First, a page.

An icon is an image imbued with power. The term originally comes from religious paintings, which some believe to have supernatural, intercessory powers, and which have been venerated for centuries by the faithful. They also were manipulated for centuries by the powerful. Politicians have always understood the power of the image, which is why ancient rulers emblazoned their effigy on their currencies: the magic aura of money became synonymous with the power of the ruler. In our own, democratic era, we think it good form to wait until a leader is safely in the grave before we put their face on bills or coins. And we feel a slight discomfort when a politician’s image becomes too iconic. Think of Shepard Fairey’s 2007 portrait of Barack Obama (a gold print of the Hope poster is here)— it was probably too effective a campaign image, becoming so iconic that it turned into fodder for Obama’s opponents, who wanted to portray him as a dictator.

This malleable quality of the icon, its ability to be celebrated but also be subverted, is one of the reasons it is has such a potent draw for many of these artists. Using the generally genteel form of the black paper cutout, along with racial stereotypes she finds in historical sources, Kara Walker subverts the iconic in a form of sneak attack that proves a more effective rhetorical device than any direct charge. A quick, sideways glance at her long, cinematic “The Means to an End: A Shadow Drama in Five Acts” generates feelings of nostalgia, warmth and comfort. We associate the cutouts with safe, literary experiences from a bygone era. A closer look, however, reveals disturbing imagery, such as a top-hatted gentleman holding a young black girl by her neck.

Willie Cole’s pictorial strategy is related, though much more oblique. Local observers may recognize Cole as the creator of “How Do You Spell America,” a piece purchased by the Utah Museum of Fine Arts in 2007, featuring socially charged wordplay using the word “America” on a traditional blackboard. Cole uses readymade objects both as artistic ends and artistic means. His “Steam’n Hot,” one of the few sculptural pieces in the exhibit, combines an upright iron with feathers to create a dynamic juxtaposition between the natural and the humanmade, the hard and the soft, the dangerous and the reassuring. In his “Five Beauties Rising” series, two of which are on display here, he uses old ironing boards (run over by cars and trucks to ensure a flat surface) as a printmaking matrix, to create evocative images that call to mind the domestic — they are named for individuals in Cole’s family who worked as domestic servants — as well as the political — the prints create ghostly images that call to mind slaving ships. The nostalgic aura of these simple domestic devices is turned into powerfully layered images that are not soon forgotten.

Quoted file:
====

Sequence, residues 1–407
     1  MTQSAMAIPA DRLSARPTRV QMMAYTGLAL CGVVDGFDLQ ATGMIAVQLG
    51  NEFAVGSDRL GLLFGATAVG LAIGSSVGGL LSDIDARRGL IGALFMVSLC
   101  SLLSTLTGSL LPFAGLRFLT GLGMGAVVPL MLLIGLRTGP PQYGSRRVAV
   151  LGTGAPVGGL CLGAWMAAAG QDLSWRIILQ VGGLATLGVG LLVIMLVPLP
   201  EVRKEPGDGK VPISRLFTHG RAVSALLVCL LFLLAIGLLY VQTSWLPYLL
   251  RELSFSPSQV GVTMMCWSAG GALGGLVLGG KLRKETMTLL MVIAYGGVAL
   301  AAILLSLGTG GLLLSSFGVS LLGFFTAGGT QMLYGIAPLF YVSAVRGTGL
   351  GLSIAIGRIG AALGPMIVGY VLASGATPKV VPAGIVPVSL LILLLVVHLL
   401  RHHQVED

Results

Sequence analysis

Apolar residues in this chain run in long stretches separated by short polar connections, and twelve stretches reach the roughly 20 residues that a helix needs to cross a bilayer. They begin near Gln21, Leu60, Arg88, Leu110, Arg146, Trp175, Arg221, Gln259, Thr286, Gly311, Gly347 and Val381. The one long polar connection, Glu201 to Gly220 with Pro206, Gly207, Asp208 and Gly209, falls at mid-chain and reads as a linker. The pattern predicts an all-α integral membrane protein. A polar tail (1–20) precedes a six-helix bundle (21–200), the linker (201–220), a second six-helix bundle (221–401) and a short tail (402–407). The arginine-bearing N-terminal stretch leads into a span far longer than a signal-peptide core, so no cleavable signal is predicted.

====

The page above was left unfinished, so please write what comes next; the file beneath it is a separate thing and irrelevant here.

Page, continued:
Nostalgia appears throughout the exhibit. Icons, after all, usually need time to accrue meaning and power. Robert Cottingham’s 2009 “American Signs: STAR” evokes the neon signs of the mid-century that have become a potent part of the American vernacular. Edward Ruscha’s “Mocha Standard” calls to mind the same era, with the sleek designs of service stations that sprouted up along the newly created Interstate system in the 1950s. Mark Bennett creates playful architectural renderings for the imagined living spaces of television characters from the ’60s, ’70s and ’80s. The homes of the Flintstones and Jeannie appear here (the Bradys and others appear in BYU’s No Place Like Home exhibit).